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How to setup Bi-Directional Replication (BDR)

Logical decoding is a feature added to PostgreSQL 9.4. It’s the process of extracting all persistent changes to a database from the write-ahead log and translating it into an application-specifc form such as stream of tuples or SQL commands.

Bi-Directional Replication (BDR) is built on top of logical decoding and provides asynchronous multi-master logical replication.

It lets you create a BDR group and write to any server in it, sending the changes  the changes row-by-row to all other servers in the group AFTER they’ve been committed.

Many of the features it relies on are already on PostgreSQL, but some of them weren’t added to 9.4 or 9.5 releases, so to enable BDR you’ll need a patched version of the binaries.

(Uni-Directional Replication, or UDR, works on the official unpatched PostrgreSQL distribution, but it has the downside of not replicating DDL statements)

It also lets you replicate databases across major versions, for zero downtime database upgrade. Since it’s logical, it lets you replicate across differente architectures as well.

Letting you write to any node is a major advantage over any of the more traditional PostgreSQL replication setups, but there are a few things to worry about first.

As the docs say, BDR is a “loosely coupled shared-nothing multi-master design”. So there are a few things you need to beware of:

 Some anomalies may be introduced by asynchronous multi-master replication;
 Apps are free to write to any node, but it must be carefully designed to not introduce conflicts or to be able to deal with them
(for instance, the app may write a parent record on Node 1 and then try to write its child record on Node 2, just to find out that the parent hasn’t been replicated yet);
You may enable synchronous_commit, but it may slow down your database to a halt, depending on network environment and how far apart are your nodes. Even then, you may still have conflicts to resolve.
Although it has some quirks, BDR enables you to set geographically distributed application, enables you to do rolling upgrades and is particularly good when the data is clustered by user group or location. Also, there’s nothing stopping you from setting up a BDR and only writing to one node, having the other as an easy to configure hot-standby.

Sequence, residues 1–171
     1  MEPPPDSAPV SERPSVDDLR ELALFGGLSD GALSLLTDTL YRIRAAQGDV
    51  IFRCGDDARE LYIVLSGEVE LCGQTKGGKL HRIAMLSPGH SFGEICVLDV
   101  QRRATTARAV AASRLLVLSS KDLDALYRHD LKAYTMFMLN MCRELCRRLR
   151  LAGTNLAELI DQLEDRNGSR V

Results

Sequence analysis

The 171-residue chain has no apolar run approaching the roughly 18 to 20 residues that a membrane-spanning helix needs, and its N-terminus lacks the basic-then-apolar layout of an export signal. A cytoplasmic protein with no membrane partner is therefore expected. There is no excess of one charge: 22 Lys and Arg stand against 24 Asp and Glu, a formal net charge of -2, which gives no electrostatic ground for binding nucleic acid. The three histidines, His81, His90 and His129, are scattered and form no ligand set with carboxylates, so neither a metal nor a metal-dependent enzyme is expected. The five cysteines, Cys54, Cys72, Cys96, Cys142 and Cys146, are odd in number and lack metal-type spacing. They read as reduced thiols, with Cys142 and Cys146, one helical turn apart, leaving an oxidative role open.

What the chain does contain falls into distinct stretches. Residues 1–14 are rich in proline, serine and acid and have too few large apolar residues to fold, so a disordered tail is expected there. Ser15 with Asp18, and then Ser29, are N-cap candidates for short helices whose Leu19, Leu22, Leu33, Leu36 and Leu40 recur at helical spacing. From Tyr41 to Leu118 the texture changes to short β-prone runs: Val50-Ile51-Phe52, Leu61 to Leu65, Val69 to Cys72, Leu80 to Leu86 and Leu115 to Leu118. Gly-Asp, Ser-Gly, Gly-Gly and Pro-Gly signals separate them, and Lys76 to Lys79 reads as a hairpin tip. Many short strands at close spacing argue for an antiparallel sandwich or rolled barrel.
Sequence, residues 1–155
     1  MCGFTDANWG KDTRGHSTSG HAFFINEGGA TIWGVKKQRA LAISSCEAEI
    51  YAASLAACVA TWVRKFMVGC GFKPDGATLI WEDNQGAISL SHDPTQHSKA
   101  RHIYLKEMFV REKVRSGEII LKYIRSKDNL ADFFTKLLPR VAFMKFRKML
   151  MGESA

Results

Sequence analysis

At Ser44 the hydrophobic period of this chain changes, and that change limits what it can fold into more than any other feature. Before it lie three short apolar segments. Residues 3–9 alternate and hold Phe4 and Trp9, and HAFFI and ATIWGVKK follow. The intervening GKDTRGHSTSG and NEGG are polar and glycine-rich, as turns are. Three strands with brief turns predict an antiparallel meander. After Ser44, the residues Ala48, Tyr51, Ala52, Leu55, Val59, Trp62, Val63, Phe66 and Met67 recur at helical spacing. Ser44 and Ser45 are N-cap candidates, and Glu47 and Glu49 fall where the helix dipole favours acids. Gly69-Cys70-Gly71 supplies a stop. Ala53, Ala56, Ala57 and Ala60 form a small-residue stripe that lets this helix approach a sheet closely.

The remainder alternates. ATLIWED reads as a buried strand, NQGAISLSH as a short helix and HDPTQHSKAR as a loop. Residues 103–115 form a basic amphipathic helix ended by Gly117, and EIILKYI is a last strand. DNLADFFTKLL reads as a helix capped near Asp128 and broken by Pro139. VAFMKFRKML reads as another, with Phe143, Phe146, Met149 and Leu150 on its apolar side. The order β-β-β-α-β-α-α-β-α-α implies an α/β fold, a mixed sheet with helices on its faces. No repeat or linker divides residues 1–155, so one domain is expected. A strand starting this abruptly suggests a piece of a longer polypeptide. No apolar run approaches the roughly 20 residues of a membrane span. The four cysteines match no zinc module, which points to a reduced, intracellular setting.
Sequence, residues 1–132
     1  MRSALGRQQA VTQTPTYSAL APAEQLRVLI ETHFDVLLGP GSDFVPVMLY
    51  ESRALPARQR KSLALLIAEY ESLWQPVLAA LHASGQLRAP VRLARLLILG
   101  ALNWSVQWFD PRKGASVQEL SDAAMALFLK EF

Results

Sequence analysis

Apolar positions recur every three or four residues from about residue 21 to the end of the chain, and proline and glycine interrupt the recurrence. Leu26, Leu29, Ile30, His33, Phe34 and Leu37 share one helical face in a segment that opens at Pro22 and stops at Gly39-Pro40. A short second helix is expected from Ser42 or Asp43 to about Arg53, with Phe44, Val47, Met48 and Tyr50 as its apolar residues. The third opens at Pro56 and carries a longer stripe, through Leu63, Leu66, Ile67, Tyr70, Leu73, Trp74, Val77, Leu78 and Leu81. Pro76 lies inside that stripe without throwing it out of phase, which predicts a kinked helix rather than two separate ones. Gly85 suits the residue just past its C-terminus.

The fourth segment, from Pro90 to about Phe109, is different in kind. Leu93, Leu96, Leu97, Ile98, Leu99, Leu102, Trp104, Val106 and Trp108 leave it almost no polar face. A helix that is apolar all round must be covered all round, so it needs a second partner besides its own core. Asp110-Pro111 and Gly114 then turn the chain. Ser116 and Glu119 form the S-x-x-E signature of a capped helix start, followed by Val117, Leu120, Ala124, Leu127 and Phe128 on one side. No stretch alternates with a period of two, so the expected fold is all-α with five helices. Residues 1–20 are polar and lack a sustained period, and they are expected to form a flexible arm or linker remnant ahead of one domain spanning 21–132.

Here’s a quick guide on how to install BDR-enabled PostgreSQL on a two node configuration:

Proposed architecture: two nodes running CentOS 7
Node 1:
Name: VINPG1301
IP Address:

Node 2:
Name: VINPG2301
IP Address:

First thing, remove any PostgreSQL installation you might have:
yum remove postgresql94\*
Install the patched PostgreSQL 9.4 BDR
sudo yum install http://packages.2ndquadrant.com/postgresql-bdr94-2ndquadrant/yum-repo-rpms/postgresql-bdr94-2ndquadrant-redhat-1.0-2.noarch.rpm
sudo yum check-update
sudo yum install postgresql-bdr94-bdr
On both nodes as postgres user, add the following line to your .bash_profile :
export PGDATA
export PATH=/usr/pgsql-9.4/bin:$PATH
This will make your test database go to the newly created /var/lib/pgsql/9.4-bdr/data folder, but you may change that to any foler you like.

On your data folder, add the following lines to your postgresql.conf:
wal_level = logical 
shared_preload_libraries = 'bdr'
track_commit_timestamp = on
#the following configuration may change depending on the number of nodes you have
max_connections = 100
max_wal_senders = 10
max_replication_slots = 10
max_worker_processes = 10
port = 5598 # change to whatever port you need
# synchronous_commit = on # uncomment this line if you want synchronous commit
# bdr.synchronous_commit = on # uncomment this line if you want synchronous commit
On your data folder, add the following lines to your pg_hba.conf:
host replication postgres trust
host all postgres trust
As postgres user, execute the following commands on both nodes:
pg_ctl -o "-p 5598" -w start
createdb -p 5598 -U postgres bdrdemo
Again, on both nodes, create the BDR extensions:
 psql -p 5598 -U postgres bdrdemo
On Node 1, execute the following commands:
 psql -p 5598 -U postgres bdrdemo
 SELECT bdr.bdr_group_create(
 local_node_name := 'node1',
 node_external_dsn := 'host= port=5598 dbname=bdrdemo'
 SELECT bdr.bdr_node_join_wait_for_ready();
On Node 2, run the following command to join the BDR group:
 psql -p 5598 -U postgres bdrdemo
 SELECT bdr.bdr_group_join(
 local_node_name := 'node2',
 node_external_dsn := 'host= port=5598 dbname=bdrdemo',
 join_using_dsn := 'host= port=5598 dbname=bdrdemo'
 SELECT bdr.bdr_node_join_wait_for_ready();
To test your BDR system, go to Node 1:
 psql -p 5598 -U postgres bdrdemo
 -- you will see two rows
 SELECT * FROM t1bdr;
Then go to Node 2:
 psql -p 5598 -U postgres bdrdemo
 -- you will see two rows
 SELECT * FROM t1bdr;
 DELETE FROM t1bdr WHERE c1 = 2;
 -- you will see one row
 SELECT * FROM t1bdr;
And back to Node 1:
psql -p 5598 -U postgres bdrdemo
 -- you will see one row
 SELECT * FROM t1bdr;
An alternate way to do that would be using the bdr_init_copy command:
bdr_init_copy -D /var/lib/pgsql/9.4-bdr/data -n node2 -d 'host= port=5598 dbname=bdrdemo' -U postgres --local-dbname='host= port=5598 dbname=bdrdemo'
Anyway you do it, BDR will make an initial copy of the node you’ve selected to join and synchronize all changes after it’s done… For the duration of the initial copy, all pre-existing nodes in the group will store their WAL and it may fill the FS, crashing the databases. One shoud be aware of the quality of the network connection between the new node and the one it’s joining, choosing the closest node to new one to perform the copy.


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